Medieval Shields

Medieval Shields
Before the firearms widely spread on the battlefields and revolutionized the world of warfare, the shields made from various materials such as wood or wicker (sometimes iron) had been serving well to their owners for long centuries. The combatants usually held them in left hands or had them strapped onto their left shoulders. Do you know that different shapes were used in different times so basically you can recognize the historical period by looking at the shape of the shield?

Types of shields

The main purpose of the medieval shields was obviously to protect its holder against enemy, but some of them could be used for attacking as well. Later the shields gained additional function as identifiers when they begun to carry personal coats of arms. Infantry bear different shields than cavalry although both were corresponding to the actual trends. As mentioned before, the most significant was the shield’s shape.

The round ones with a shield boss in the middle (also called umbo) were common in the earliest Middle Ages. Then oval shields appeared (about 10th century) followed by kite shields firstly favoured among Norman warriors and eventually spread into the whole Europe (and even further during the Crusades). The kite shields could still protect the soldier’s legs as ovals did while they newly profited from advantageously lower weight. Due to their shape they are also known as almond shields or leaf shaped shields or Norman shield because of its origin. They were wooden and covered by leather or cloth.

Through the next centuries the shape of the shields kept on changing. The upper edge of the “almond” slowly became straight and the lower sides were getting shorter until it reached typical triangle (or more precisely spherical triangle) shape of heater shield. At the same time more advanced body armour became available allowing the heater shield to be smaller. It reached only to combatant’s waist. In late 13th century the sides of the shields became broader than the upper edge. Later the base became round. This new shape is characteristic for Iberian shields peaking in late gothic period (15th century). These times the knights did not only fight in serious conflicts but also played in the tournaments. They used special kind of shield named ecranche featured with a cut out for jousting lance to go through.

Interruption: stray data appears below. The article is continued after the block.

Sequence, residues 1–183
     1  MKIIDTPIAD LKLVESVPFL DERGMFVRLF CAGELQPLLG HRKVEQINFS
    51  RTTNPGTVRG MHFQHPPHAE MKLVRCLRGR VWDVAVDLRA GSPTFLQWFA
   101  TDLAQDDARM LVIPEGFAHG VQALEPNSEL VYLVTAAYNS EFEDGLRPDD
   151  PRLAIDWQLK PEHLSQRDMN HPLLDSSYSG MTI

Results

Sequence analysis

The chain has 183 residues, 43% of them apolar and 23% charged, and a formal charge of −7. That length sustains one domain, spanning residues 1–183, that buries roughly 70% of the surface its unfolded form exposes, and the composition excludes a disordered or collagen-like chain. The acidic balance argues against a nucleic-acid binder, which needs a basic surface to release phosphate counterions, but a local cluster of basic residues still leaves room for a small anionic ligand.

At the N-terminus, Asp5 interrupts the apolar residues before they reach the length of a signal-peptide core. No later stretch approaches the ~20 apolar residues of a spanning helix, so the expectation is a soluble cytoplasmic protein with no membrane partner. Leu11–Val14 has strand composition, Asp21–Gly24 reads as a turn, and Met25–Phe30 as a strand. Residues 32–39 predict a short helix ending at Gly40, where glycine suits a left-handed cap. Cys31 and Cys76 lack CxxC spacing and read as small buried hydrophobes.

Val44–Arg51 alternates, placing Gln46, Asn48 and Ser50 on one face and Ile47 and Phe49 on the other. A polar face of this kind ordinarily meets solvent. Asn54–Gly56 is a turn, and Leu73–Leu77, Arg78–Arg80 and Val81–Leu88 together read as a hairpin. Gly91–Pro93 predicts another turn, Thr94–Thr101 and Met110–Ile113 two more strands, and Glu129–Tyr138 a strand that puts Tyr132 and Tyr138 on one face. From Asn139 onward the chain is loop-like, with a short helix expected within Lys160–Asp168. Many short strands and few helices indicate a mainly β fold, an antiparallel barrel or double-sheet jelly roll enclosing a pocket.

In late Middle Ages a pavise was introduced to infantry units. Pavise was a shield large enough to fully hide a man behind it made of soft wood covered with multiple layers of leather or cloth. It could be utilized to raise a continuous row in a similar way as ancient Romans did. Thus created wall was called pavisade. 15th and 16th century armies benefited from pavises mainly during the sieges like in the Hussite wars or other conflicts. The whole body protection provided by these enormous shields was also appreciated by the crossbowmen (or later shooters), who would otherwise be vulnerable while they were loading their weapons.


Technological progress of 16th century removed the shields slowly away from the main European battlefields but they still kept important place in heraldry. The shield displaying a coat of arms is called escutcheon. Escutcheons were firstly carried by the knights on medieval tournaments in order to distinguish each other among fully armoured competitors. The coat of arms was also present on their surcoats and on their horse’s caparison too. Escutcheons (and coats of arms) were also later used by other people and institutions such as clerics and church orders, town citizens and towns themselves, craftsmen and their guilds etc. so they did not necessary have to be placed on the battle shield. They came in various styles:

  1. Original heater (gothic)
  2. Modern French (baroque)
  3. Cartouche;  slightly convex and very decorated
  4. Lozenge; used only by women (in 13th century also by men yet)
  5. Rectangular
  6. Italian (renaissance); nicknamed “horse-head” because of resemblance of its shape
  7. Swiss (empire style - early 1800s)
  8. English “Tudor arch” (16th century)
  9. Ecranche “á bouche”
  10. Polish symmetrical ecranche (renaissance – baroque)
  11. Iberian (late gothic)

Heraldic rules

The discipline concerned in escutcheons and coat of arms is called heraldry. Using of heraldic symbols was constituted by specific rules such as rule of tincture defining the colours. The escutcheon should be composed from permitted colours (which were red called gules, blue azure, green vert and black sable), metals (gold displayed as yellow or silver displayed as white) or furs (black and white ermine or blue and white vair). In order to keep enough contrast there was a rule that colours could not touch other colours and metals other metals. Only colour-metal contact was possible. On the other hand, the furs could be combined with both. Later there were some other colours allowed like purple, sky blue etc. and some exceptions from the rules became tolerated.

Around the escutcheon we can see other non-compulsory elements. Sometimes the shield might be coated in princely coat or royal tent. Above the shield there can be placed a crown (or a coronet) or mantled helmet with a crest which might be on a torse. The shield can be held from both sides by the supporters (animal or human) standing on a compartment. On the top there might be written a battle cry and in the bottom a motto.

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